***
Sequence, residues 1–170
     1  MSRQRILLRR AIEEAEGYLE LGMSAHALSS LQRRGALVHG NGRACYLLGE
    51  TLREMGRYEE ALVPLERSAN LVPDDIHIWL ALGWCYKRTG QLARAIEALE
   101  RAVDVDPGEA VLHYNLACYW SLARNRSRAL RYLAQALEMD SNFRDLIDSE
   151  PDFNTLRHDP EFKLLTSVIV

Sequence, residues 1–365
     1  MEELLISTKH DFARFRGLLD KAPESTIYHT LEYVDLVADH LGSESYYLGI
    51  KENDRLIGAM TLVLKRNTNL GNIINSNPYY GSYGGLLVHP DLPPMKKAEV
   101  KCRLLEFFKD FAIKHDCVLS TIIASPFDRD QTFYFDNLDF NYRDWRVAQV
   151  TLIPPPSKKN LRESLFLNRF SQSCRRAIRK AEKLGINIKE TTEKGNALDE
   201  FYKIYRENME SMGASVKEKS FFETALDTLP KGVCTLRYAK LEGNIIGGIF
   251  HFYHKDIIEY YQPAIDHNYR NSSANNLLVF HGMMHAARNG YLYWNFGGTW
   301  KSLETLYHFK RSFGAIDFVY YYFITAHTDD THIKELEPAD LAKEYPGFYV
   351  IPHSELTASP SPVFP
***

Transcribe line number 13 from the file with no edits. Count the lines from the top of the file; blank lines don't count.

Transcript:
   301  KSLETLYHFK RSFGAIDFVY YYFITAHTDD THIKELEPAD LAKEYPGFYV